The term ‘Islamic Feminism’ gained currency in the 1990s as a label for a brand of feminist scholarship and activism that was associated with Islam and Muslims. I was among the first scholars to use the term to speak of a new gender consciousness that emerged in Iran in the early 1990s, a decade after the 1979 popular revolution that led to a merger of religious and political power in the country. There has since been much discussion and debate and a growing literature on ‘Islamic feminism’, to which I have contributed. Inevitably, there are diverging accounts of the nature of this phenomenon, and of its origins and development.[1] Here I want to revisit this term and offer some reflections on the heavy political baggage that comes with it—as well as with its component elements: ‘Islamic’ and ‘feminism’.

I have two objectives. First, I want to set the record straight and to explain the context in which I have used the term myself, and the kind of feminism that is involved. I shall reflect on the term in the light of developments in the intervening years, culminating in two events in 2009 that, I believe, show how far the debate has moved on, both globally and locally, namely, first, the launch of Musawah, a ‘Global Movement for Equality and Justice in the Muslim Family’, and secondly, the emergence of the Green Movement in Iran. Musawah, launched in Kuala Lumpur in February 2009, brings Islamic and human rights frameworks together to build an overlapping consensus among Muslim women from diverse backgrounds and perspectives, and to push for legal reform.[2] The Green Movement in Iran started in June last year as a protest against a fraudulent presidential election, but it soon became a broader civil rights movement in which Iranian women have been the most prominent actors.[3]

arvan's picture

Call for Submissions: Here Come the Brides! The Brave New World of Lesbian Marriage

Call for Submissions: Here Come the Brides! The Brave New World of Lesbian Marriage (Seal Press, 2012)

2,000-4,000 words

Editors: Audrey Bilger and Michele Kort. Audrey Bilger is the Faculty Director of the Writing Center and Associate  Professor of Literature at Claremont McKenna College. Michele Kort is Senior Editor at Ms. magazine, a freelance writer, and author of three books (including Soul Picnic: The Music and Passion of Laura Nyro).

Same-sex marriage is obviously a hot topic these days, and we want to look specifically at the lesbian side of the equation. Given the secondary status of women throughout much of the globe, bonds between women—particularly intimate connections—can redefine the political landscape as well as the domestic realm. Anna and Eve don’t get as much press as Adam and Steve, but they’re potentially more threatening to the status quo.

Here Come the Brides will primarily cover legal marriages, but also lesbian commitment ceremonies in locales where the legal status of gay marriage is still up for grabs. We hope the book will be able to represent a diversity of points of view in terms of race, class, ethnicity and geography, and incorporate transgender perspectives. Although the book will be generally upbeat about lesbian marriage, we’d also like viewpoints from those who are opposed to either being married themselves or who have issues with the institution or the politics of same-sex marriage.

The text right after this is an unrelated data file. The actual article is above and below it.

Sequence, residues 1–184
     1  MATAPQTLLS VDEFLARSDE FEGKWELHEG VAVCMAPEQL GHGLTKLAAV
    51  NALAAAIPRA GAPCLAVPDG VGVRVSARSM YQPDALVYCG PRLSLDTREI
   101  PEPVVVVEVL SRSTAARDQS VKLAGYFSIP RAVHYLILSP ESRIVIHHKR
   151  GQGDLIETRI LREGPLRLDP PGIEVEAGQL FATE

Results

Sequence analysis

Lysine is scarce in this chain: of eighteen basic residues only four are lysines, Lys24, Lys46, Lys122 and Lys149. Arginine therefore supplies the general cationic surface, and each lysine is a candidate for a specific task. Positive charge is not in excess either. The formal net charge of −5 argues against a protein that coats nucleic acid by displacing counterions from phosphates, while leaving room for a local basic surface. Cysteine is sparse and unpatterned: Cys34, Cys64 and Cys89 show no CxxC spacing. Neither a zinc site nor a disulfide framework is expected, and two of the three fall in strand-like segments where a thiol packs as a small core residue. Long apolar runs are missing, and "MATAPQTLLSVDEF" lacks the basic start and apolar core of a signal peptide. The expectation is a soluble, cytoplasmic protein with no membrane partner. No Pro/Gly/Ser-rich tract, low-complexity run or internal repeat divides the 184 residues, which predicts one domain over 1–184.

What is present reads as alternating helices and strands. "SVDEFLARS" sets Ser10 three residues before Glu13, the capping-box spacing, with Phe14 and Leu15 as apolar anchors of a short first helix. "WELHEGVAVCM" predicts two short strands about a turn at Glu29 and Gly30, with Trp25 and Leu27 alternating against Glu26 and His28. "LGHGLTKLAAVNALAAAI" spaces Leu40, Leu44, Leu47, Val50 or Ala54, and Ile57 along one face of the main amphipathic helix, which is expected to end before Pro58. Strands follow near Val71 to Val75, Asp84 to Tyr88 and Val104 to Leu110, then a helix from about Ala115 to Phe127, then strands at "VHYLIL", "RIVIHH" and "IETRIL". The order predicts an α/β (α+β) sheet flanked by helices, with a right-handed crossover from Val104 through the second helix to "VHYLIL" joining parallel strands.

We’re looking for a variety of material: primarily first-person essays, but also secondhand observations, bridesmaid/mother-of-the-bride/etc. stories, and even analytical pieces (as long as they’re written in an accessible style). We’re open to graphic essays/cartoons as well, and we’re eager to see lesbian wedding ephemera: great photos, invitations, newspaper wedding announcements, vows, guest favors.

Needless to say, we’re looking for terrific writing—colorful, moving, funny, surprising, insightful. We can imagine essays that cover a lesbian marriage from soup to nuts, but we think it’s more likely, given the word limitation, that it might be best to focus on a certain aspect of lesbian marriage or of your particular wedding—at least as an organizing principle.

arvan's picture

What Will We Teach Our Sons About Rape?

Andrea Gibson performs, "Blue Blanket" from her album, Swarm 

arvan's picture

Undesired: A Short Film About Discarded Girls

India is a diverse country separated by class and caste. But all women confront the cultural pressure to bear a son.  This preference cuts through every social divide, from geography to economy.  No woman is exempt.

This preference originates from the belief that men make money while women, because of their expensive dowry costs, are a financial burden.  As a result, there is a near constant disregard for the lives of women and girls.  From birth until old age, women face a constant threat of violence and too frequently, death.

The numbers are staggering.  Since 1980, an estimated 40 million women are 'missing,' by way of abortion, neglect or murder. 7,000 female fetuses are aborted every day according to the U.N., aborted solely because they are girls.  One dowry death is reported every 77 minutes.  Countless others are never known.